An asset-based approach to sustainable livelihoods has potential to develop more agency for individuals and communities. This is not theory: starting with assets helps people make their own choices and find their own power. Who are you, what do you stand for, and what have you got to draw on? The book has lots of practical tools for people to try, adapt and improve in finding their own, unique ways to be on the tightrope.

Arts centres and creative activity can be a welcoming ‘potential space’ where people come together to explore and play. This starts with human connection and discovery. Having somewhere to go that is cultural or creative but can also be used for social, or even practical, purposes – to meet friends, to get a cup of tea, to get out of the house – is too often taken for granted by educated, connected frequent engagers in the arts, especially those involved professionally. The ‘welcoming space’ is both profound and everyday, and the basis of a fairer cultural sector for everyone. 

From hurt to hope with a handful of principles

I wrote Tactics for the Tightrope because I am convinced of the potential for transition in the system, changing how the ecology works, and the norms, practices and distribution of power and resources. Multiple, ongoing transitions and changes at system level, using all our senses, muscles and imagination will be both more exhausting and more necessary than visions of overnight transformation by either burning it down or changing the locks.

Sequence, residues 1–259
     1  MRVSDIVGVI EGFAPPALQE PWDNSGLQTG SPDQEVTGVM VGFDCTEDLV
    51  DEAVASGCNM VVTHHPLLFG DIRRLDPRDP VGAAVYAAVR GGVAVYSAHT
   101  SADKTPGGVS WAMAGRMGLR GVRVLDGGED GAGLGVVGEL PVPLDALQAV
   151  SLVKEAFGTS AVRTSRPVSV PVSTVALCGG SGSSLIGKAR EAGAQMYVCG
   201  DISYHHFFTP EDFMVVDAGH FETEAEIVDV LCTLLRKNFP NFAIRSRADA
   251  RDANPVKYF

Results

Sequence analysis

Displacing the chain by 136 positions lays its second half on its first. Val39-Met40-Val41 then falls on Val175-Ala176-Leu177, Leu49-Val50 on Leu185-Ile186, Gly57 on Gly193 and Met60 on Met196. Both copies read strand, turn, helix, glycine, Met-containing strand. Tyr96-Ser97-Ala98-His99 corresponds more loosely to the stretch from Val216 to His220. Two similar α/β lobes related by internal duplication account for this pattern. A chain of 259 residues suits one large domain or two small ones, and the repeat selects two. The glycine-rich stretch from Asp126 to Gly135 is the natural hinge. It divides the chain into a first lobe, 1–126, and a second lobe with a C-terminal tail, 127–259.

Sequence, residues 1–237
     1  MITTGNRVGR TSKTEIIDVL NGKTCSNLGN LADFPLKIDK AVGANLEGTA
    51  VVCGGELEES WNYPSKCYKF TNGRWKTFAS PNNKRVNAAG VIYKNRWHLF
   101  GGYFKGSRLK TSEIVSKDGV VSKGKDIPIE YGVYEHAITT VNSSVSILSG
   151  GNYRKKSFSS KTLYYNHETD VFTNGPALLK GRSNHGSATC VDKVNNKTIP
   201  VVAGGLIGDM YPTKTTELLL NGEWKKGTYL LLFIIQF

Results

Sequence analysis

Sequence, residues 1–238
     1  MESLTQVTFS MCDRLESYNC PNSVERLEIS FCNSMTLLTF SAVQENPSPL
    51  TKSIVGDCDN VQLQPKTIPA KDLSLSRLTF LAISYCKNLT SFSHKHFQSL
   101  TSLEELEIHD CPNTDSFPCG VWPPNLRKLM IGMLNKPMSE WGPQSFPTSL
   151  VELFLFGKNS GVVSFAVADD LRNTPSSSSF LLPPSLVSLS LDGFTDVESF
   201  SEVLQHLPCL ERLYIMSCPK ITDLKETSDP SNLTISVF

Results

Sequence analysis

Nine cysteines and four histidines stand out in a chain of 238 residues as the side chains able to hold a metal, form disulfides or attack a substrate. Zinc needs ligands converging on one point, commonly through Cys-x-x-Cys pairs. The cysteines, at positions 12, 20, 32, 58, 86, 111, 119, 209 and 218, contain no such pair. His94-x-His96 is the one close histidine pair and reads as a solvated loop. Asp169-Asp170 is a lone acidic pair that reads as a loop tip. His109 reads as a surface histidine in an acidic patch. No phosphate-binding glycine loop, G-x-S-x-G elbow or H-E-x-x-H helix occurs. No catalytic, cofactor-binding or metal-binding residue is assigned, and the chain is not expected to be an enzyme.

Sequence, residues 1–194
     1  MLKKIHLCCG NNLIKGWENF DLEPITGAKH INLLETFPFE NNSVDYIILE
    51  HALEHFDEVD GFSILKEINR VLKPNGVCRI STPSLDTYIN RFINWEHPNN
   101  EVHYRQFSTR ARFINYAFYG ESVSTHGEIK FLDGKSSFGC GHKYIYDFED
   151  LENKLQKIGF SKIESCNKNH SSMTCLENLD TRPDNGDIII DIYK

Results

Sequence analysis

A murmuration of birds takes shape and moves without top-down leadership thanks to highly nuanced and responsive networks, beginning with individuals and moving through groups to the edge. Creative communities can continually refine our values and actions similarly, using the frameworks of creative resilience and multiplying leadership in the learning space of self, inside, outside and beyond. We can resist selling ourselves and each other by plotting our own courses while self-organising as creative communities.

To do so we will need to remember a handful of basic principles that make creative resilience a form of resistance instead of co-option. How we work must build resourcefulness and creative capabilities in ourselves, in others and the collective. We should ditch hierarchical leadership models to connect, collaborate and multiply many, many voices. Our creative resilience should be a process of resistance. We should make ourselves useful and make space for others, even as we take up our own. Finally, we should keep some slack for ourselves and resist all temptations to ‘give 110%’ and thus undermine our own creative resilience.

Mark Robinson is Founder of Thinking Practice and Author of Tactics for the Tightrope.

Tactics for the Tightrope is published by Future Arts Centres on 23 July. It will be available as a free download in October. 

Link to Author(s): 
Mark Robinson